Stronger Than Expected Economic Growth
November 4, 2005
Spurred Mortgage Rates To Climb This Week One-Year ARM Is Highest In Over Three Years
McLean, VA – esults of Freddie Mac's (NYSE:FRE) Primary Mortgage Market SurveySM (PMMSSM) found that the 30-year fixed-rate mortgage (FRM) averaged 6.31 percent, with an average 0.5 point, for the week ending November 3, 2005, up from last week’s average of 6.15 percent. Last year at this time, the 30-year FRM averaged 5.70 percent.
The average for the 15-year FRM this week is 5.85 percent, with an average 0.5 point, up from last week when it averaged 5.69 percent. A year ago, the 15-year FRM averaged 5.08 percent
Five-year Treasury-indexed hybrid adjustable-rate mortgages (ARMs) averaged 5.76 percent this week, with an average 0.5 point, up from last week when it averaged 5.63 percent. There is no annual historical information for last year since Freddie Mac only began tracking this mortgage rate at the start of this year.
One-year Treasury-indexed ARMs averaged 5.09 percent this week, with an average 0.5 point, up from last week when it averaged 4.91 percent. At this time last year, the one-year ARM averaged 4.00 percent. This is the highest the one year ARM has been since March 29, 2002, when it was 5.11 percent.
(Average commitment rates should be reported along with average fees and points to reflect the total cost of obtaining the mortgage.)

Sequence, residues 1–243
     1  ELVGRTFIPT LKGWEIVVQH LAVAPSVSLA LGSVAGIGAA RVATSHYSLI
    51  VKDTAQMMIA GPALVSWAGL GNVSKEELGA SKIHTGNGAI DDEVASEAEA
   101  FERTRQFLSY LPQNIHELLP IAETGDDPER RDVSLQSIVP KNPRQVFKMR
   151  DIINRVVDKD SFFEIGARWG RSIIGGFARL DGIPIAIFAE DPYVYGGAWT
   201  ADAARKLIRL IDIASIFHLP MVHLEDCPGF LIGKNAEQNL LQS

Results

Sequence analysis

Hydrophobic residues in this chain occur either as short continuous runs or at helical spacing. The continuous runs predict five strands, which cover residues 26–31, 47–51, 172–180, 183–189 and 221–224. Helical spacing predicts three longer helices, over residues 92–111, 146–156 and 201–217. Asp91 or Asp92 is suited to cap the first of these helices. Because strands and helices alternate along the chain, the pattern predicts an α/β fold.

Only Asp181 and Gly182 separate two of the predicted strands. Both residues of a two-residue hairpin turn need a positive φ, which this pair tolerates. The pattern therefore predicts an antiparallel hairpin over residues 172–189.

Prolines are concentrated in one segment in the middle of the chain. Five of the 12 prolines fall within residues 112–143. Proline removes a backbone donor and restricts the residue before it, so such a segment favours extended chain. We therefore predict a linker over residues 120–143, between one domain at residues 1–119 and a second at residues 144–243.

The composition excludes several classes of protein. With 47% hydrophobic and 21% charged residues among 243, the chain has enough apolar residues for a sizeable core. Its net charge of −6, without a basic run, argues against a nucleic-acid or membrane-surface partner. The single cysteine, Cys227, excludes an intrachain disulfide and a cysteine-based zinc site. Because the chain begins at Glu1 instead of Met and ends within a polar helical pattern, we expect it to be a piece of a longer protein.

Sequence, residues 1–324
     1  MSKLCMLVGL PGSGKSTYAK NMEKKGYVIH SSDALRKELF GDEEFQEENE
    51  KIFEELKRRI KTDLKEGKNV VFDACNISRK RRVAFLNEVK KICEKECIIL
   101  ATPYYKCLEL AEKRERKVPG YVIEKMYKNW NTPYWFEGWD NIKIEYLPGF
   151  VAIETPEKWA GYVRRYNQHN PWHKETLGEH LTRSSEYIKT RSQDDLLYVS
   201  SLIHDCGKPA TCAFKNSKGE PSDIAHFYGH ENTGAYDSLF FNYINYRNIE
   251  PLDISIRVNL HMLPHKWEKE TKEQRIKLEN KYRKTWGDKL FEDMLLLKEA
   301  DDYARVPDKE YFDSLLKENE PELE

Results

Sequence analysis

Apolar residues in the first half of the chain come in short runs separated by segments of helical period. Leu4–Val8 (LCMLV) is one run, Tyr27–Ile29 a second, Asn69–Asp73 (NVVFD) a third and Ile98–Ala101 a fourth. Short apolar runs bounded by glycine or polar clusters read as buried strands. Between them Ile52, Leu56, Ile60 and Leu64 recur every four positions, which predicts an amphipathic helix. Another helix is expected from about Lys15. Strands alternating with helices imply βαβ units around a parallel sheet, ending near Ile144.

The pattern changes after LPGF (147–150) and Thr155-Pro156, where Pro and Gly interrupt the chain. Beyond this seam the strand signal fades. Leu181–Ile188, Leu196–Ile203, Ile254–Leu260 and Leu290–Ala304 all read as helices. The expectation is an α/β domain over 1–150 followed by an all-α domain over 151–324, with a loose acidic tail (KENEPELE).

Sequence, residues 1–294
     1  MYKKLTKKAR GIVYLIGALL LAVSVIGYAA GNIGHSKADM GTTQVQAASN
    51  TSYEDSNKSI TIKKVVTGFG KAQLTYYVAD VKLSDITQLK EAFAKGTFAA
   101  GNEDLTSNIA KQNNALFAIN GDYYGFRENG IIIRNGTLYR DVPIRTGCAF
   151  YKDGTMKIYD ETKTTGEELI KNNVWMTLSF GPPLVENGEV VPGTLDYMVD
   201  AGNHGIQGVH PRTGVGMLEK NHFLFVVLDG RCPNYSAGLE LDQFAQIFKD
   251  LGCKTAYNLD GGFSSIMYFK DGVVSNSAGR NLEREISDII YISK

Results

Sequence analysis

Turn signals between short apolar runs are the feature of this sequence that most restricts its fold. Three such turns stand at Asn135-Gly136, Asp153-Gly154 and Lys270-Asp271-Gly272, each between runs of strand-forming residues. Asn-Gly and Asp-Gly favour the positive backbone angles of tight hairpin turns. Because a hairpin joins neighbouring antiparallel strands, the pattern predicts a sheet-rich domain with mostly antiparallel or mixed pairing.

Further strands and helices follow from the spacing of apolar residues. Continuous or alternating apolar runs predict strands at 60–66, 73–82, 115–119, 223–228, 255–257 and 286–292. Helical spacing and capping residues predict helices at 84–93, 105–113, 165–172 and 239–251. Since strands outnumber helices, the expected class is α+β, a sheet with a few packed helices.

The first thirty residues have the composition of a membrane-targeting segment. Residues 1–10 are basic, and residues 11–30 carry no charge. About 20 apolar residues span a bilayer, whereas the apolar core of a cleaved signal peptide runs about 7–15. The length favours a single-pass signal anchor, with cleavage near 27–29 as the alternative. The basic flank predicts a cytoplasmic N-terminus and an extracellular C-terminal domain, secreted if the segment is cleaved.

"Based on preliminary GDP figures for the third quarter, the economy is expanding faster than had been expected," said Frank Nothaft, Freddie Mac vice president and chief economist. "Originally, the markets had lowered economic expectations for the third quarter because of the impact of the hurricanes. So the news of an economy growing at such a strong pace gave financial markets a jolt and added to the impetus that caused mortgage rates to rise again this week.
"It’s interesting to note that although mortgage rates have been rising lately, rates are still an average of about two percent less than other interest rates – such as car loans – made by lending institutions, according to Bankrate.com.
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Source: Freddie Mac
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